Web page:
All of our team members, both dogs and humans, have undergone significant levels of training to be qualified with Lowland Rescue. Please click on the boxes below to read more about our qualifications, and how we train our dogs to search.
Every Berkshire Search and Rescue Dogs (BSARD) team member is a fully qualified Search and Rescue Technician, meaning we have completed the following competencies:
Additionally, BSARD team members also complete training in:
Furthermore, some members of our team have qualified as:
Broadly speaking there are two methods of a search dog finding a missing person on land: air-scenting and trailing. Additionally, the Team also trains dogs in water-scenting.
Trailing dogs will use a “scent article”, usually an item of clothing or a specified piece of material which has been used to capture the person’s scent, to track a specific missing person. Once they have the scent, a trailing dog will follow the path of the missing person (“misper”) to lead the handler to them.
Conversely, air-scenting dogs seek any human scent across a defined area of land; air-scenting dogs will roam to find a human scent in the air, and will then work more closely to narrow down the location of the misper. Once a dog has located a misper, they will alert their handler and show them where the person is. A dog’s alert may be given at the misper, such as barking until the handler reaches them, or the dog may alert at their handler and then proceed to direct the handler to the misper’s location. The alerts used by the dogs vary, and are expanded upon below. With the exception of dogs in the hound group, which are currently used exclusively for trailing, the dog’s breed does not determine their discipline.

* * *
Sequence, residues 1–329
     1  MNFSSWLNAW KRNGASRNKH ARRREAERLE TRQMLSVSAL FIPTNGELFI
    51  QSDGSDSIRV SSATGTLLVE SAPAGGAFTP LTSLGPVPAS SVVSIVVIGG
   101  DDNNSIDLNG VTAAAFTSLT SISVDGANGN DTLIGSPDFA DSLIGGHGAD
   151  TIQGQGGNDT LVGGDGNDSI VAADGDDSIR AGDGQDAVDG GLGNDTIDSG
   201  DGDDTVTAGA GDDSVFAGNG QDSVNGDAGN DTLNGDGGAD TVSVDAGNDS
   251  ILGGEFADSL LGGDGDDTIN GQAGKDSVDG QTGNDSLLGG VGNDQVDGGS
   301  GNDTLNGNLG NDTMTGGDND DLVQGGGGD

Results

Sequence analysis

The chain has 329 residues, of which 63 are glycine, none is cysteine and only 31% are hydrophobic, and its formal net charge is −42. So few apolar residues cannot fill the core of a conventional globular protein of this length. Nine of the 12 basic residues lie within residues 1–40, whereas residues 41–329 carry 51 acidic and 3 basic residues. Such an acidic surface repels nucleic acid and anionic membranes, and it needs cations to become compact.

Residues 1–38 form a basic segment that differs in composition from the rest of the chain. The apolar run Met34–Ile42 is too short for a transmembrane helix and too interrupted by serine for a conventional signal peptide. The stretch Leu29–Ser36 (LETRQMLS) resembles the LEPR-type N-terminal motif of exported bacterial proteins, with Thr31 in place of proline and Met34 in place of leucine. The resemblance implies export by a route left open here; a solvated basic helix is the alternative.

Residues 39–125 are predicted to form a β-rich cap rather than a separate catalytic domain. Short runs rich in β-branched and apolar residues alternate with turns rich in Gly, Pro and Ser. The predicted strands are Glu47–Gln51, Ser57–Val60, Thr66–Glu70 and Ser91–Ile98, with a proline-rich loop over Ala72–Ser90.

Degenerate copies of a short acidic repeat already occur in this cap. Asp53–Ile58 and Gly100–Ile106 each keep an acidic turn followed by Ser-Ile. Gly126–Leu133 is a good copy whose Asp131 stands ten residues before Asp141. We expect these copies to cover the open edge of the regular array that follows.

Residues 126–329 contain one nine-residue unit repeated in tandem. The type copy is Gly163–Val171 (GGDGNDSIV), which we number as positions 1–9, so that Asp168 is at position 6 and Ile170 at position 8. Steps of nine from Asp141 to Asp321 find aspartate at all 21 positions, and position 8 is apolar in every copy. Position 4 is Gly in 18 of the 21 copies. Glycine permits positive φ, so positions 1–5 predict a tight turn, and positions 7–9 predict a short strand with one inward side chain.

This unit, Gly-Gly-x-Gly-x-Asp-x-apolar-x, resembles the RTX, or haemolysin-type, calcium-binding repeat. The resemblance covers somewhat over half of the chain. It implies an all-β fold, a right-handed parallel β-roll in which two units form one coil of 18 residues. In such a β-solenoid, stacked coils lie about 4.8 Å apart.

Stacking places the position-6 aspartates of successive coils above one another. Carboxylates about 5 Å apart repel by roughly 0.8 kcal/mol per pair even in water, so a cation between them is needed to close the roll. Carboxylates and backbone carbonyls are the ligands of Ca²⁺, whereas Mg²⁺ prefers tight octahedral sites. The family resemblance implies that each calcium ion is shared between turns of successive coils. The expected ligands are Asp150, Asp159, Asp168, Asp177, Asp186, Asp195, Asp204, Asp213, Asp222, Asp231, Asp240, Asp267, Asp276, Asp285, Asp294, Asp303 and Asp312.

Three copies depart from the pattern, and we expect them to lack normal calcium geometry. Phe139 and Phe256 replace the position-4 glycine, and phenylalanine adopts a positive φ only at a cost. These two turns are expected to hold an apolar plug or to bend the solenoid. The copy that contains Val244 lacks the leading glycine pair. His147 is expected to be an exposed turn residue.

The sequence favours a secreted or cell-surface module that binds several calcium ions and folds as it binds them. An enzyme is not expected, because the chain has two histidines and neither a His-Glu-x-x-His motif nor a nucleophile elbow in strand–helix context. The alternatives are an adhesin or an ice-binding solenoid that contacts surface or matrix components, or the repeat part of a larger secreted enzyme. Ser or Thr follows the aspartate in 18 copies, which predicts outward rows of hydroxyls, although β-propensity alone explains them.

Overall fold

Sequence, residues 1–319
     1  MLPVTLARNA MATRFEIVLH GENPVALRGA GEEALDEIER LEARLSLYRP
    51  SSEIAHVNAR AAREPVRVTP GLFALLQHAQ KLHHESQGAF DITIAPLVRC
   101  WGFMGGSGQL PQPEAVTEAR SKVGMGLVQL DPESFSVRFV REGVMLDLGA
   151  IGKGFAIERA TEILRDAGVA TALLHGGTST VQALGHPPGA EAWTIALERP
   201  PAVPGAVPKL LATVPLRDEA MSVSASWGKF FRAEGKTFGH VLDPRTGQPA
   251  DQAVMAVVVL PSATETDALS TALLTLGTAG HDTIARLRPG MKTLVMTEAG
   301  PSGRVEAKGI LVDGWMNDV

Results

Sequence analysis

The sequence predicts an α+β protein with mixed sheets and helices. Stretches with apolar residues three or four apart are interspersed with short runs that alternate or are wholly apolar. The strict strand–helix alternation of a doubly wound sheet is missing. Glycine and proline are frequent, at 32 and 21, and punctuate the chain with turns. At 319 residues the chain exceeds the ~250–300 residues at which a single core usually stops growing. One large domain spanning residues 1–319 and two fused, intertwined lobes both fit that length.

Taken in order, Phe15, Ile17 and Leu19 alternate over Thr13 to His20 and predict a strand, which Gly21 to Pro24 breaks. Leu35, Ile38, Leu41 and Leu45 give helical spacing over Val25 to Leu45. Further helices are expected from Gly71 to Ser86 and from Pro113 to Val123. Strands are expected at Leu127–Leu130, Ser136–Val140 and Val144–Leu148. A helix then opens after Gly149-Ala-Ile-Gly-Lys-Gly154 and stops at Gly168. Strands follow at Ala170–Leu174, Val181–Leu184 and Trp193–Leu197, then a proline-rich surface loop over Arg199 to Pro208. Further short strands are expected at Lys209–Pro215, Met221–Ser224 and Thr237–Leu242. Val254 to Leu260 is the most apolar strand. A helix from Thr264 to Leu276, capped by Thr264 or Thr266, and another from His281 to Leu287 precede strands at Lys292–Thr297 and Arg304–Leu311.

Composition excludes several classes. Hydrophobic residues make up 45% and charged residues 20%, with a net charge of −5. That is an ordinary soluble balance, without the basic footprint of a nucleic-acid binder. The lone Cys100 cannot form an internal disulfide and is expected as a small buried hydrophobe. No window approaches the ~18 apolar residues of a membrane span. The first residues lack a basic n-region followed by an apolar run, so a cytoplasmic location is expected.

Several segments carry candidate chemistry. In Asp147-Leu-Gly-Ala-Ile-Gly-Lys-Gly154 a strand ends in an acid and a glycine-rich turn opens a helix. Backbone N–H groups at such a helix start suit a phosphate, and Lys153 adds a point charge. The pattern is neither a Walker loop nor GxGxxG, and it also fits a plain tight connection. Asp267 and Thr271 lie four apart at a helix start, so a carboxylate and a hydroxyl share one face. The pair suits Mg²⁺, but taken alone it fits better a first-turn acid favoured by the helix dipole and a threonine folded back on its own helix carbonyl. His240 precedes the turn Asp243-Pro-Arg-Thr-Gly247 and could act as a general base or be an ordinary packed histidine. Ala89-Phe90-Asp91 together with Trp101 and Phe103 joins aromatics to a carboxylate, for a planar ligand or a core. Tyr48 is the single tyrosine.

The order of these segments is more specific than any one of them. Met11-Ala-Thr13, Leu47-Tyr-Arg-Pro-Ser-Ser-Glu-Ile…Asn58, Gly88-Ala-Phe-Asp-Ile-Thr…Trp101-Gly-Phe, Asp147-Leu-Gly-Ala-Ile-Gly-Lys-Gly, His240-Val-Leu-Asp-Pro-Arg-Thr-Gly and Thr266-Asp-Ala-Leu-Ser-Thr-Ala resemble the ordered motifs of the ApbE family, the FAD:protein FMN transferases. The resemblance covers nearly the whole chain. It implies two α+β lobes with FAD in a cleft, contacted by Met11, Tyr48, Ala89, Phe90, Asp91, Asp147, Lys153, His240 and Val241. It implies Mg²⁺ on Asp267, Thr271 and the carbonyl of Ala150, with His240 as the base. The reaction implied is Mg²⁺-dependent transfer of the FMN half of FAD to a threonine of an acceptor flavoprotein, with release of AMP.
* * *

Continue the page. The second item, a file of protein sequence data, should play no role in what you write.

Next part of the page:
One of the most challenging aspects of training a dog for K9 search and rescue is the “alert” the dog uses to inform its handler that it has found someone. This is particularly critical in air-scenting dogs who are usually separated from their handlers when they locate a missing person (“misper”).
The types of alerts used in search and rescue are many and varied, and can be categorised into three main types:
Less common forms of alert that exist within the Team are:
The location at which the dog performs its alert can also vary, as auditory and body language alerts may occur either at the misper or the handler. Dogs that alert at the handler are required to then perform a “refind” where they guide their handler to the missing person.
A dog’s preferred alert can usually be identified quite early on in its training, and can often be dictated by the dog (who may bark or jump up reliably when frustrated), rather than the handler; though in many cases due to personal preference a handler may decide to train the dog to use an alert of their choosing.
Lowland Rescue provide a 2 year qualification following a single assessment.
In air-scenting, dogs are classified as one of three levels:
Trailing dogs are classified as one of two levels:
Before National Assessment, all dogs and handlers must complete both day and night mock assessments. Lowland Rescue regularly makes internal assessments of their qualified dogs during their time of service. Dogs may be temporarily taken off operational service for a number of reasons, such as: illness of dog/handler; lack of attendance; lack of demonstration to exhibit skill and confidence. All assessments are attended by internal and external assessors from any Lowland Rescue team. No National Assessment can take place without an external assessor present.
Lowland Rescue has prerequisites for a dog to join a training programme. Initial assessments of dog suitability are crucial to offset time wasted and disappointment for all involved. Suitability criteria are clearly set out covering aspects of aggression/drive/behaviour with other dogs and people of all ages, builds, distractibility and health. Only positive methods are used in dog training, and any nervousness or direct dog aggression results in removal from the training programme. All dogs at all times must be secure in their positive response to unfamiliar people. It is a requirement that all dogs are microchipped.